Novel Tissue Models of Junctional Epidermolysis Bullosa to Characterize Functional Mechanisms of Sulfur Mustard Injury to Human Skin
Annual rept. 1 May 2003-30 Apr 2004
STATE UNIV OF NEW YORK AT STONY BROOK RESEARCH FOUNDATION
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We first measured dose-time responses in 2-D and 3-D cultures TASK 1 and discovered that an SM dose of 150 micronmeter induced significant apoptotic cell death. We next compared the SM response of 3-D cultures grown in the absence or presence AlloDerm of structured basement membrane BM TASK 8 and found that the presence of BM led to resistance to SM-induced damage, suggesting that BM could protect basal keratinocytes from SM-induced apoptosis. To further explore the role of BM in decreased SM susceptibility, primary keratinocytes harvested from Junctional Epidermolysis Bullosa JEB patients 552, that lack a functional gammaexp 2 chain of laminin 5 and do not adhere to BM, were transduced with retroviral vectors TASK 4 to restore or abrogate laminin 5-mediated adhesion. We constructed 3-D tissues with these reverted JEB cells TASK 5,6 and 7 and their phenotypic analysis showed that only JEB cells with restored laminin 5 function F-GAL were resistant to apoptosis when exposed to SM 150 micronmeter, thereby implicating laminin 5-mediated attachment as being important in limiting SM damage. These studies provide important evidence that bioengineered, in vitro tissues mimic many skin alterations previously found in vivo and that adhesion to BM enables epithelial resistance to SM damage.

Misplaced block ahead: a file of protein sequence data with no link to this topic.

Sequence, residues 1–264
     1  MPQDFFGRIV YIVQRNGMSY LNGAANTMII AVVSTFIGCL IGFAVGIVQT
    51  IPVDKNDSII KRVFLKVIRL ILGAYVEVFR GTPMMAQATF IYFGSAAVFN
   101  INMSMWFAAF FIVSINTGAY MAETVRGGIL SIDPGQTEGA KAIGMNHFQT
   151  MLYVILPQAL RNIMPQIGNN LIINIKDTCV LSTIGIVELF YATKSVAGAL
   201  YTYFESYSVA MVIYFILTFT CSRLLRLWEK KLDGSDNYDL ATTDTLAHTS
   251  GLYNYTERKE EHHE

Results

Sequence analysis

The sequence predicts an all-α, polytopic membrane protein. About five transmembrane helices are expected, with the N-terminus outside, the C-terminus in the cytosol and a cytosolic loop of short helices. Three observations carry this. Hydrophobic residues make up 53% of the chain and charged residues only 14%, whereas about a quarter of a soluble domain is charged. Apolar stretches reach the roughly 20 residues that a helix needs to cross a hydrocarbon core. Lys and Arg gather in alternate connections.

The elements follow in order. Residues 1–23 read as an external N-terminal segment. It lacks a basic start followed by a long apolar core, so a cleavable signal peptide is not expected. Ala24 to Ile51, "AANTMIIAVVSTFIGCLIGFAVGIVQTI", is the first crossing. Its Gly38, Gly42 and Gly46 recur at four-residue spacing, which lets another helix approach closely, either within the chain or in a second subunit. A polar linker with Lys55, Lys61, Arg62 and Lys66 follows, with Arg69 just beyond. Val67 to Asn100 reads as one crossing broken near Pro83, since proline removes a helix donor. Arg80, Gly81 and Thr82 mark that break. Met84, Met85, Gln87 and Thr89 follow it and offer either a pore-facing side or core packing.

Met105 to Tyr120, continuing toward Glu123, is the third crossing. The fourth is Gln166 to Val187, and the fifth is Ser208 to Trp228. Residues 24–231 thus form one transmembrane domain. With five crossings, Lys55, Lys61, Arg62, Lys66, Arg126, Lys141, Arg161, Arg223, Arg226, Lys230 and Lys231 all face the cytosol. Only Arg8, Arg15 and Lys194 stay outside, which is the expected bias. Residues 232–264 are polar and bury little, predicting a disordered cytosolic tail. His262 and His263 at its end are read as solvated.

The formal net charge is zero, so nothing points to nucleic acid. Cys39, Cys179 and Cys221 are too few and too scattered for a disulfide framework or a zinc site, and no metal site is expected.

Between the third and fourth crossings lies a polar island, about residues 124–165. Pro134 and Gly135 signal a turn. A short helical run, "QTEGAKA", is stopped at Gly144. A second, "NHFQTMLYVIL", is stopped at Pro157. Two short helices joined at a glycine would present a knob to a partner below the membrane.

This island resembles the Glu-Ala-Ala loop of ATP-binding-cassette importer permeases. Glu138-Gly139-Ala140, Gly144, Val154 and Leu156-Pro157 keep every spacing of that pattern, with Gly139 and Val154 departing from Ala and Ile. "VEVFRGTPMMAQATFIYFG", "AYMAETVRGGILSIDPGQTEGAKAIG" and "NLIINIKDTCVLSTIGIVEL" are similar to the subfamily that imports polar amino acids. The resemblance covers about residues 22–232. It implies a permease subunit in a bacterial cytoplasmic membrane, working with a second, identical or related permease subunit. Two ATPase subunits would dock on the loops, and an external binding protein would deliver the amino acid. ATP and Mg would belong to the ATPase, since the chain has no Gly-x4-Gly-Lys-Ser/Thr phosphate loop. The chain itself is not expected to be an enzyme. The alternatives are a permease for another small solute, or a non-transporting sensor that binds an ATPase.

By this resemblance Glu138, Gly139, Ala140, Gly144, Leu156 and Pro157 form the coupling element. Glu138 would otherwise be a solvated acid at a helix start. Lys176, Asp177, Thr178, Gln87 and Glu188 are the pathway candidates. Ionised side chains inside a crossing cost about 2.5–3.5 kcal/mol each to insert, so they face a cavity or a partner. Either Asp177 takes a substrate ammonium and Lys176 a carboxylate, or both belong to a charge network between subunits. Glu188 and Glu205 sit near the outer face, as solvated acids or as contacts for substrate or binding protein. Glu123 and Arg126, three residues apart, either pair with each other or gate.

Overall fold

- Medicine and Medical Research
- Chemical, Biological and Radiological Warfare